Saturday, July 3, 2010

Louise Mushikiwabo's Name Surfacing

While Dutch expats and friends in Kigali celebrated the football victory over Brasil, Rwandan Ms. Alice MUHIRWA, the FDU-Inkingi Party  (follow link for great article on the meaning of "Revolution" by 2nd party vice-president) Treasurer, was still bleeding due to boots kicks into her stomach and being denied access to a medical doctor. In the meantime in New York at the UN, Rwanda's Foreign Minister Louise  Mushikiwabo's name is surfacing to head the new U.N. entity to promote equality for women: "UN Women". Let's take a closer look at this powerlady from Rwanda.

Louise Mushikiwabo has been spearheading the Rwandan public relations effort culminating in this recent gem (June 27th):
"As a government, we don't work like that. We do not kill Rwandans (Kayumba Nyamwasa). If we have a problem with anyone, we go through the right channels. We are a government that does not kill its people".
This is a blatant lie considering the fact that the ink of that  statement had not yet dried when (July 1st):

"Mr. Ayanda Ntsaluba, the director general in the foreign ministry, told reporters that "foreign security operatives" were involved in the shooting of General Kayumba on June 19 in Johannesburg."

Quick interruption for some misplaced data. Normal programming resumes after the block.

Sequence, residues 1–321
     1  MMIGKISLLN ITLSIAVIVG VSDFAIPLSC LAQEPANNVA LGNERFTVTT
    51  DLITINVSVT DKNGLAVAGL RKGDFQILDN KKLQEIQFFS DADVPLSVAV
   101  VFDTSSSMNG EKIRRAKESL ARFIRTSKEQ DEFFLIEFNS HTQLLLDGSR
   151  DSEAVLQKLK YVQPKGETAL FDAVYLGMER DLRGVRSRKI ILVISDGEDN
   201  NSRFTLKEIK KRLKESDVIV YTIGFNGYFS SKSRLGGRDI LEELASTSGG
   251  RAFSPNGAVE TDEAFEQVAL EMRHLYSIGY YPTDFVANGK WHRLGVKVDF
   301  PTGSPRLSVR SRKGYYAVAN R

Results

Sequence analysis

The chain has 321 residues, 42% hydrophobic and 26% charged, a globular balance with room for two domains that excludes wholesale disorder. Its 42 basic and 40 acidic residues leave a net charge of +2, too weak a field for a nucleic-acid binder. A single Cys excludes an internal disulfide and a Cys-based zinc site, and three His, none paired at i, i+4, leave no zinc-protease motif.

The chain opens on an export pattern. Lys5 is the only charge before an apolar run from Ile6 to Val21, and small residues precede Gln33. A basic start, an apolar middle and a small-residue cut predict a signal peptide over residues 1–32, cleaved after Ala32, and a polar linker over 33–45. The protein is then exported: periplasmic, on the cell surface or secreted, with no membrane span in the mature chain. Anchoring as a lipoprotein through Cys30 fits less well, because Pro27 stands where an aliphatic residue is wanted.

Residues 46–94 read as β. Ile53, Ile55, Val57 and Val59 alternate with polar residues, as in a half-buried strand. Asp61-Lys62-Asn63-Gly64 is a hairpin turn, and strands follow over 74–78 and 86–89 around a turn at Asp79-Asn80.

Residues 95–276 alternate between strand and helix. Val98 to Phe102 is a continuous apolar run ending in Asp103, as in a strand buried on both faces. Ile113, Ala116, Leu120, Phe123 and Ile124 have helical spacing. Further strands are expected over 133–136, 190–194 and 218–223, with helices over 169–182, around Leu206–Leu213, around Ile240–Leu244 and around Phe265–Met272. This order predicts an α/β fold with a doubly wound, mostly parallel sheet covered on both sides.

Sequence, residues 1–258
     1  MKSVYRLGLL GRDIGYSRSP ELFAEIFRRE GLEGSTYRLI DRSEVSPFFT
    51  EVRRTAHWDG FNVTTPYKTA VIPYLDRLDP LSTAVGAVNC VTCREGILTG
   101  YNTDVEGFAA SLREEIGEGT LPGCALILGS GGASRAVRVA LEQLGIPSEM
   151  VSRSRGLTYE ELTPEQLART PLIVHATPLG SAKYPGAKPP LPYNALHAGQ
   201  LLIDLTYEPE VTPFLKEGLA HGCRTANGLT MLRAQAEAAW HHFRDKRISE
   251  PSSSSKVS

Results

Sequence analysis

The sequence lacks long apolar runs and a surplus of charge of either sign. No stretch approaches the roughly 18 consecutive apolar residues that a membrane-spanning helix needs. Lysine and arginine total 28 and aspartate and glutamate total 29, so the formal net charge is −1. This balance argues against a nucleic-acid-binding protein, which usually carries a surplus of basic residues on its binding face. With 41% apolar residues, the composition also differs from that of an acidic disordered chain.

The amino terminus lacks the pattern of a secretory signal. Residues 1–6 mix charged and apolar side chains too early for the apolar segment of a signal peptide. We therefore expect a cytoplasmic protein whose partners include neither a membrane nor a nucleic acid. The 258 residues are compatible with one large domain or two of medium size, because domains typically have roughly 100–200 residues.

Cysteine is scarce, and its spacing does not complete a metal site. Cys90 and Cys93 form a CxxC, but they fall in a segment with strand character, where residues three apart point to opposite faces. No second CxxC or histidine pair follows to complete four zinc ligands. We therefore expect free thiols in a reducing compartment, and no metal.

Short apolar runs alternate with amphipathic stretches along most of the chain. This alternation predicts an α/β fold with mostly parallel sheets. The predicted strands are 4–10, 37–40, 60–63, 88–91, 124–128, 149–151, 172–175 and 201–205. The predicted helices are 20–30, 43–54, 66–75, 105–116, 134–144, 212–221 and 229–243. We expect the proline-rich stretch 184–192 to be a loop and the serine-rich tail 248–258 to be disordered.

Off course Mr. Ayanda Ntsaluba was talking about the Virgin Islands.

Louise Mushikiwabo's spin in relation to Victoire Ingabire's immediate visit to the genocide memorial museum in Kigali  when she set foot on Rwandan soil was another deliberate media twist people should remember. Ethan Zuckerman writes at the end of may :
"When Victoire Ingabire returned to Rwanda, she visited the genocide memorial museum in Kigali and questioned why it didn’t commemorate any of the Hutus who died in the violence. This question led Kagame’s foreign minister Louise Mushikiwabo to characterize Ingabire’s actions as “very deliberate, controversial ethnic politics, this woman really has a genocidal ideology”.
Louise Mushikiwabo's words obviously did not miss their intended goal on smart writing expat blogger (in Kigali at the time) Christoper Vourlias (march 8th):

"The more I hear about Ingabire around town, the less credible I find her as a viable opposition candidate."
In my view Victoire Ingabire Umuhoza had three options when she returned to Rwanda as the leader of the Rwandan opposition:
  • A) Not visit the memorial
  • B) Visit the memorial and not make the statement
  • C) Visit the memorial and make the statement she made
 The question should off course be: Would Victoire Ingabire Umuhoza have been a viable opposition candidate if she had chosen options A or B? Option A would have been interpreted as an insult to all victims of the genocide. Option B would have increased the risk of her party being used as excuse for the US and Europe to make statesments similar to this:
"There is no perfect democracy, there may have been irregularities: the process should continue" 
 Statement by Rwandan Foreign Minister Louise Mushikiwabo, june 25th on elections in Burundi in the name of the regional East African body following a meeting Friday with Nkurunziza.

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